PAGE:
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Jenny Canty (June 2015)

 

Jenny Canty is a PE teacher at Redden Court School in Romford, Essex.

 

Despite being a Manchester United fanatic, she played for Arsenal Ladies for twelve years and was part of three FA Cup-winning squads. Here she talks about her sporting life to Mike Dale.

 

What school(s) did you go to?

 

Bishop Challoner School in Southlands, south east London.

 

What’s your earliest sporting memory?

 

Playing football with my dad and my brother on the local green aged about six. Also going on holiday to the Isle of Wight where Paul Reaney, who used to play for Leeds, was running a soccer school. I was the only girl and was named best player but couldn’t accept the prize as it was for boys only. Spectating wise, my first memory is my dad taking me to Stamford Bridge to watch Manchester United. We waited for the away team bus and when it arrived I got out my United scarf. Norman Whiteside got off the coach first and gave me a nod which I remember to this day.

 

Who were your sporting heroes growing up?

 

Norman Whiteside and Bryan Robson were my early heroes in a pretty mediocre early-90s United team. Then there was Eric Cantona, and I also really admire Steffi Graf and Jo Pavey.

 

What are your best and worst memories of school?

 

My best memory was winning a whole-school fun run when I was in year seven. That got me identified as someone who had real potential and I represented Tower Hamlets in athletics after that. My worst memory is just hating the cold changing room experience, especially after swimming.

 

Can you recall a memorable sporting teacher?

 

Mrs Stonebridge. She gave me my first foot on the ladder to becoming a footballer by putting me forward for a local girls’ team. It was while playing for them that I got spotted by Arsenal. Without her I may not have gone on to have a football career.

 

What sports do you play these days?

 

I play five-a-side with a few other ex-Arsenal players. We got through to finals day at Wembley Stadium a few years’ ago. I also play netball for Romford.

 

In what other ways do you stay healthy?

 

I go to a spit-‘n’-sawdust boxing gym in Camden with the Arsenal girls. We do bag work and sparring. I did the London Marathon in 2007. I’m from the east end and spent most of the run high-fiving friends in the crowd.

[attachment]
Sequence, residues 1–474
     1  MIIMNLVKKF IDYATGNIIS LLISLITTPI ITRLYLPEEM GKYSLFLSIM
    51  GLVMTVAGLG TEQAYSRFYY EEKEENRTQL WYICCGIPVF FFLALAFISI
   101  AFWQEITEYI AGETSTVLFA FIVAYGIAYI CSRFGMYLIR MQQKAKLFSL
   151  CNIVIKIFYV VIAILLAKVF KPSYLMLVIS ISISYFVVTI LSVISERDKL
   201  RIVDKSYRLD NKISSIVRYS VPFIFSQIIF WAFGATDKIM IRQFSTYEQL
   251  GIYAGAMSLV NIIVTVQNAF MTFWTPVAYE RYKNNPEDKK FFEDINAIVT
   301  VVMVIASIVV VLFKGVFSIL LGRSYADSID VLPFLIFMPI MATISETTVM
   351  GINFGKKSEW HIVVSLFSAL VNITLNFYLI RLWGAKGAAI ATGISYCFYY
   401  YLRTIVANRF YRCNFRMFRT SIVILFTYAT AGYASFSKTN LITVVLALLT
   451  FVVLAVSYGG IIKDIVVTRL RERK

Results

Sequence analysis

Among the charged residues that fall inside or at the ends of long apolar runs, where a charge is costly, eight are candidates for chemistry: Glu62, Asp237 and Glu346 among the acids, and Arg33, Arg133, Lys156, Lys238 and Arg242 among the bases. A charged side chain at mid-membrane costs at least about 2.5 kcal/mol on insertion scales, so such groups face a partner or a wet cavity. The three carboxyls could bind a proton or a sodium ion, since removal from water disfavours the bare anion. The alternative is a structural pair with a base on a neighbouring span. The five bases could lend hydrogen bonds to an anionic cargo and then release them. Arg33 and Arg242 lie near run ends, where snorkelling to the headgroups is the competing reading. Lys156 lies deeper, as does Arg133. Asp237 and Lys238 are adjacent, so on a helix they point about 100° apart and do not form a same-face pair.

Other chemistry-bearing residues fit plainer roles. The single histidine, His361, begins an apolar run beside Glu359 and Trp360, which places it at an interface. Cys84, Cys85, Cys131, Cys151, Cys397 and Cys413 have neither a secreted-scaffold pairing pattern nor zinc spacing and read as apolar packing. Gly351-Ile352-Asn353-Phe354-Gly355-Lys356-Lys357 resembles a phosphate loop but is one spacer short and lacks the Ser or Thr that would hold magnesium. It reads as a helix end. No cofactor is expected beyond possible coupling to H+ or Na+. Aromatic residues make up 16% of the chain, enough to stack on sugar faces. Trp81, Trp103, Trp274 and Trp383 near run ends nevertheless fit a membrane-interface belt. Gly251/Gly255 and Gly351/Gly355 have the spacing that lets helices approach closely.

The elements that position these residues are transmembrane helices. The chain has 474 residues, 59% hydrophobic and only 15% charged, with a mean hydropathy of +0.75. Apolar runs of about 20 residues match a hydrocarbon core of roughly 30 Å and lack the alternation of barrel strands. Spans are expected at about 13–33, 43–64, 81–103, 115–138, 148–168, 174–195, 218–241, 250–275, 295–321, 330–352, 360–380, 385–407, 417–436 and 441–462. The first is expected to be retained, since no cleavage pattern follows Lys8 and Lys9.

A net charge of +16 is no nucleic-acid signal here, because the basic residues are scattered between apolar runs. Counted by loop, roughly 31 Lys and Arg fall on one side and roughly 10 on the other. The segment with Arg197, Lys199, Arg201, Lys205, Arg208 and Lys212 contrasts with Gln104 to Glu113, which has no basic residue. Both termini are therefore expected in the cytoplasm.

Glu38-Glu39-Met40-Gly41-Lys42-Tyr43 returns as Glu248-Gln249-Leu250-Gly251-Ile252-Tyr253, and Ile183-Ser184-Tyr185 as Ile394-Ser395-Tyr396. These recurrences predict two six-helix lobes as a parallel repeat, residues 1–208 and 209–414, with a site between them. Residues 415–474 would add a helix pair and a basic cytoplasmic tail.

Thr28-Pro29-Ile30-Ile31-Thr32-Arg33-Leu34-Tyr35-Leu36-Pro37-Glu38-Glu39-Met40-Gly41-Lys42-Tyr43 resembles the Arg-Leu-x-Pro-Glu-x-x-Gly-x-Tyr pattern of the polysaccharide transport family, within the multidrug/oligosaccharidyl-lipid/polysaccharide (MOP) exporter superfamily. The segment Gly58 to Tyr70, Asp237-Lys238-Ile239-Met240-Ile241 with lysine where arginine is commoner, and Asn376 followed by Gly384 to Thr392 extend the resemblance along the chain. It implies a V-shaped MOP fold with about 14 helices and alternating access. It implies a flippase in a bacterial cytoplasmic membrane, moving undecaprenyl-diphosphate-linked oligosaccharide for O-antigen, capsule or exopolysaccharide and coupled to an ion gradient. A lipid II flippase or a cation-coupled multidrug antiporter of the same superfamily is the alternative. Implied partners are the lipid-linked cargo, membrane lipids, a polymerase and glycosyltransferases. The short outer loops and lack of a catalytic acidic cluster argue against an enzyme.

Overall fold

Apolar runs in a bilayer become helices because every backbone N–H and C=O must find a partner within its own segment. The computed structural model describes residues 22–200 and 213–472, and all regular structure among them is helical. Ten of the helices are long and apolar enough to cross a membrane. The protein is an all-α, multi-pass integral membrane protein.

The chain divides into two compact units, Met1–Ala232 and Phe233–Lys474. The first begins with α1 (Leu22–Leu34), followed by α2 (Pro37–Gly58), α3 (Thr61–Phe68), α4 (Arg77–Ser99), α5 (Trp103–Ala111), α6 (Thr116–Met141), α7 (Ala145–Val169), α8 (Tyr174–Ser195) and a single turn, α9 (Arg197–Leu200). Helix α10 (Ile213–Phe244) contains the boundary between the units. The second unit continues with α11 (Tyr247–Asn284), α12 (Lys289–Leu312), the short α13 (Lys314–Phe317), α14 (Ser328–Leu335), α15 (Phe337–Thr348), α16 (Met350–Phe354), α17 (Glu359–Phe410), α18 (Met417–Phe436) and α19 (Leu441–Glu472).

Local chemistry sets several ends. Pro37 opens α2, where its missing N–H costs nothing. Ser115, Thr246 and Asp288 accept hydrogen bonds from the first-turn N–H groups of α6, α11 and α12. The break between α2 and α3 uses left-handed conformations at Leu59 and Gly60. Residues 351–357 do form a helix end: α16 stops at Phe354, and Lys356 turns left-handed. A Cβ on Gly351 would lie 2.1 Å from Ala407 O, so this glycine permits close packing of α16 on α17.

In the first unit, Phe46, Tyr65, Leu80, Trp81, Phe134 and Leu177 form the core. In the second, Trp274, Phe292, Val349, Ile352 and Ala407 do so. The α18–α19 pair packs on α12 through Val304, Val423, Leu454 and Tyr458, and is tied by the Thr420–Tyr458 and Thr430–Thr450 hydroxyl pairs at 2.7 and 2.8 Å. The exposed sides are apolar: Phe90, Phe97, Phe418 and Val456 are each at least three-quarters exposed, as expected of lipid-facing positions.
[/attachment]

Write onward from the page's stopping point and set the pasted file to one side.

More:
What is your favourite sporting memory?

 

Apart from the FA Cup wins with Arsenal, it was probably winning a five-a-side tournament as a junior. I scored the winning goal as we won the final 2-1. Teddy Sheringham presented us with medals. It still puts a smile on my face thinking about it now.

 

What’s been your most embarrassing sporting moment?

 

In the League Cup final against Doncaster Belles, I got taken out in the first minute and my brother started giving this opposition player abuse. Everyone was looking at him. I had to take him aside and tell him ‘this is not how we behave in women’s football.’ I also scored two own goals in a game once which was pretty humiliating.

 

What’s your biggest sporting bugbear?

 

Cheating of any sort, like when the sprinter Florence Griffith Joyner, who I really admired, failed a drugs test. I also detest play-acting in football. The inequality in coverage and recognition of women’s sport compared to men’s also annoys me.

 

When was the last time you cried at a sporting event?

 

I am an emotional person when watching sport. The 2012 Olympics was such an emotional time for me as an east Londoner. The pride of being British on Super Saturday overwhelmed me. I cried quite hysterically that day actually. Also the day Alex Ferguson retired I bawled my eyes out. And Paul Scholes. And when Bryan Robson broke his collarbone… I could go on.

 

Which three sports people would you like to have around for dinner and why?

 

Eric Cantona. I’d love to ask him about kicking that Crystal Palace fan, because I was at that game in the away end. I remember it vividly. Mohammed Ali, because I just love his confidence. He’s a highly intelligent man with deep beliefs. He’d be fascinating. I’d also have Chris Hoy. He was born the day after me and I have a bit of a crush on him.

Footballers shouting for free-kicks and throw-ins from the referee when they know that it should not be their ball.

 

When was the last time you cried at a sporting event?

 

When England were beaten by Argentina at the World Cup when David Beckham was sent off. 

 

Which three sports people would you like to have around for dinner and why?

 

Alex Ferguson because I would love to know how he gets his players to fulfil their potential, Viv Richards because I’d love to hear some tales from his days of being the talisman for the greatest international cricket team ever and David Beckham because he has played with and against the greatest players of his generation for the top clubs and managers in Europe (plus some fashion advice wouldn’t go a miss).

 

 

 

 

 

 

 

 

 

MY SPORTING LIFE